CAIRO (Reuters) - Egypt's Finance Minister Hazem el-Beblawi said he handed in his resignation on Tuesday after less than three months in the job because of an army crackdown on a protest by Christians, but the country's ruling generals rejected it.

The uncertainty over the vital finance portfolio is expected to pile more pressure on the military council, already under fire for a clumsy response to street violence and not giving a clear timetable for handing power to civilians.

The clashes in central Cairo on Sunday left 25 people dead, the worst outbreak of violence since the ousting of President Hosni Mubarak in February, and sparked anger among Coptic Christians, politicians and rights activists.

Egyptian media reported that Beblawi, who also held the title of deputy prime minister for economic affairs, withdrew his resignation, but he denied this.

"I did not withdraw my resignation. The higher (military) council rejected it ... and I am now in a difficult situation... I am confused," Beblawi told Reuters by telephone.

"I took this decision because of the Maspero situation and security, not because of economic policy," Beblawi said, referring to the area of Cairo where the clashes took place.

Beblawi was appointed in July by the military council which took power after the overthrow of Mubarak. He was named in a reshuffle that followed demonstrations over the pace of reforms and trials of Mubarak and his allies.

Beblawi has been negotiating with Gulf Arab states for assistance to support a state budget that has ballooned as a result of Egypt's political turmoil. Growth has also been hit hard by a sharp downturn in tourism while foreign investors have withdrawn funds.

He told state media that the government might not have had a direct role in the clashes, but it must still shoulder ultimate responsibility.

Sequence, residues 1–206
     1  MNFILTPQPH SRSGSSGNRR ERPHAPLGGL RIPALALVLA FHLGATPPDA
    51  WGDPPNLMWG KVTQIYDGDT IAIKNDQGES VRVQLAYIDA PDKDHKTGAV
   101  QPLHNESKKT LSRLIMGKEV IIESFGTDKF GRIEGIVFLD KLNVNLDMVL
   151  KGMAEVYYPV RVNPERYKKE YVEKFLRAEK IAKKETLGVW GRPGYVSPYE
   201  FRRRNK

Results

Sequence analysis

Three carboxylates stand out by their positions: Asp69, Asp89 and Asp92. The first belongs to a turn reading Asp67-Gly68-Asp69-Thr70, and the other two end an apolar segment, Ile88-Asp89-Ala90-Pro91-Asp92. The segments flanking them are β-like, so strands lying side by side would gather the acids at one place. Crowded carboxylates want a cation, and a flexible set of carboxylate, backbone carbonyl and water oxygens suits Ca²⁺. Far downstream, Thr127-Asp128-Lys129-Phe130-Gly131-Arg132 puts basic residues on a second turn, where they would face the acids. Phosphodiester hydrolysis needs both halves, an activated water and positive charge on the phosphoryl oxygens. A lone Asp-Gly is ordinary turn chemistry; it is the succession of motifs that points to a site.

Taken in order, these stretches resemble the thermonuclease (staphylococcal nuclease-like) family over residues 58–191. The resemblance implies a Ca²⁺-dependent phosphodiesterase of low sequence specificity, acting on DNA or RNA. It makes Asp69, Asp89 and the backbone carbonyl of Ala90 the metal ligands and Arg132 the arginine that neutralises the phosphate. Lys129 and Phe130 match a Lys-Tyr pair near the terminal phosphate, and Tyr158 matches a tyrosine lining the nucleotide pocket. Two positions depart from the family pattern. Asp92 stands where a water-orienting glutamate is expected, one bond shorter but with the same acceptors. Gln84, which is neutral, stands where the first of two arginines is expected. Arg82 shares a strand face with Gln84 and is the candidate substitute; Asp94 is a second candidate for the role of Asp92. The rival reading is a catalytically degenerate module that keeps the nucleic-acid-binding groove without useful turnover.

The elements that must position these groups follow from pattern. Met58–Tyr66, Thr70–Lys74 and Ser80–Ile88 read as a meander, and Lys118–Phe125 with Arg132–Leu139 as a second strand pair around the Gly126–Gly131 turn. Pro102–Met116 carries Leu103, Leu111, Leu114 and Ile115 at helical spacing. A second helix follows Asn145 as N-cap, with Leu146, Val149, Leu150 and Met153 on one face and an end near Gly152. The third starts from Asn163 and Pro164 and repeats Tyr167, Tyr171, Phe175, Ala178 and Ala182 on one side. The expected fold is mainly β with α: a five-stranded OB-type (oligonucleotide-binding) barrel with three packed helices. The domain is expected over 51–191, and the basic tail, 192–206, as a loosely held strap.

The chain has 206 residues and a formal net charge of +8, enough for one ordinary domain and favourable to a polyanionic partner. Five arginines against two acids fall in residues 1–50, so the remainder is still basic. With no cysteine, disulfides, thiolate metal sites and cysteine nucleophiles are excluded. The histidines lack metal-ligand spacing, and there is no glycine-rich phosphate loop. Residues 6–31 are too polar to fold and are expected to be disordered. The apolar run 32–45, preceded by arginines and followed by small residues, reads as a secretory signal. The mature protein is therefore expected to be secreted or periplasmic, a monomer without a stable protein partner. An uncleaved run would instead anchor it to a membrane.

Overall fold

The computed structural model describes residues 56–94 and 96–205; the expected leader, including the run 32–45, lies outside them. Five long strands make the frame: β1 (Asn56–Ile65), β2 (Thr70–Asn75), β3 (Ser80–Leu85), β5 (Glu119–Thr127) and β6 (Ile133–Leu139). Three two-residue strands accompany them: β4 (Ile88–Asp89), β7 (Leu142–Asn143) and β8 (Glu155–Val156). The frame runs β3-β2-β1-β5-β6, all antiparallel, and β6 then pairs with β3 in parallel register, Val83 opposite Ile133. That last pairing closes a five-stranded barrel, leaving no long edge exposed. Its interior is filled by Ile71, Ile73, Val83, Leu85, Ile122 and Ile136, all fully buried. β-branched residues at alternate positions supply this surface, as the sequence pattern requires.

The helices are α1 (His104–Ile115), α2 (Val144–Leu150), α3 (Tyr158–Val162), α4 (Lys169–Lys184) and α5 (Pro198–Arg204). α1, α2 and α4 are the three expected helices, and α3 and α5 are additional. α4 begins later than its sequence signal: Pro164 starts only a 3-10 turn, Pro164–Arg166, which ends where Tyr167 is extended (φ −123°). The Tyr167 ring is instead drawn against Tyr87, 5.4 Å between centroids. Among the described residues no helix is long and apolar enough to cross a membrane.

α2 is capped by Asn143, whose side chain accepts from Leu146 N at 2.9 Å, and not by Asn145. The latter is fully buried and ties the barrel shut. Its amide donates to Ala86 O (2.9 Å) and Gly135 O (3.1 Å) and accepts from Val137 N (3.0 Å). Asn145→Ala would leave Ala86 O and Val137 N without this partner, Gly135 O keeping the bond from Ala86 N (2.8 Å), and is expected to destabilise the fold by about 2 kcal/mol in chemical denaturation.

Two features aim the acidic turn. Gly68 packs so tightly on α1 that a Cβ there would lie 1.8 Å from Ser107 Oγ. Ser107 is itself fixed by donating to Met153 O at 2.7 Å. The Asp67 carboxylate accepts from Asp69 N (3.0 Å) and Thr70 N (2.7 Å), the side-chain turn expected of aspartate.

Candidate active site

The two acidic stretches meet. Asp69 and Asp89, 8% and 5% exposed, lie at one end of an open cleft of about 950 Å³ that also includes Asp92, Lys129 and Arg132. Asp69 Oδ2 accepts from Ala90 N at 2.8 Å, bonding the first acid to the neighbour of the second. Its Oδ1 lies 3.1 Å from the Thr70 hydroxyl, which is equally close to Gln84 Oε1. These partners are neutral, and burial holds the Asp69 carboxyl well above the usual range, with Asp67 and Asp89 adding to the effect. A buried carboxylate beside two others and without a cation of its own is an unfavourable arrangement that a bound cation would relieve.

"This sets a very important precedent," said Adel Soliman, head of the International Center for Future and Strategic Studies. "It didn't happen before that a minister ... submits his resignation and says very clearly: 'I am resigning because the government holds responsibility for certain events'."

Government spokesman Mohamed Hegazy denied a report carried by Al Jazeera television that the entire cabinet had resigned.

Asked to confirm whether Sharaf or other ministers might be stepping down, Beblawi said: "I don't know."

INVESTORS WANT CLARITY

The army replaced Beblawi's predecessor Samir Radwan in July after he secured a loan from the International Monetary Fund only to be forced to turn it down, partly because the army generals did not want to build up debts.

Beblawi said last week that Egypt was now reconsidering the IMF funding and was still in talks with Arab states for funds of close to $7 billion.

With the exodus of tourists and foreign investors since the uprising, Egypt's foreign exchange reserves have dropped $12 billion since the start of the year.

The deputy central bank governor said on Tuesday that the economy was safe and that remittances and Suez canal revenues were enough to ensure dollar resources for the country.

But foreign investors who dumped Egyptian assets in January and February say clarity on how the government will fund its spending plans, and successful elections later this year, will be needed before they return in numbers.

"Investors are looking for greater stability in public finances and for clarity on financial support from outside Egypt," said EFG-Hermes strategist Simon Kitchen.

News of Beblawi's resignation came shortly before the end of trading on the Egyptian Exchange, whose main EGX30 index closed down 2 percent.

The military council told the interim government to investigate the clashes urgently and said it would take necessary measures to maintain security, but activists have demanded an independent investigation.

"The demands will grow now, of course, as the opposition will say: 'Here is one of your own, the deputy prime minister, who is admitting that responsibility lies with the government," Soliman said.

(Reporting by Shaimaa Fayed and Tom Pfeiffer; Additional reporting by Maha El Dahan; Writing by Tom Pfeiffer; Editing by Catherine Evans)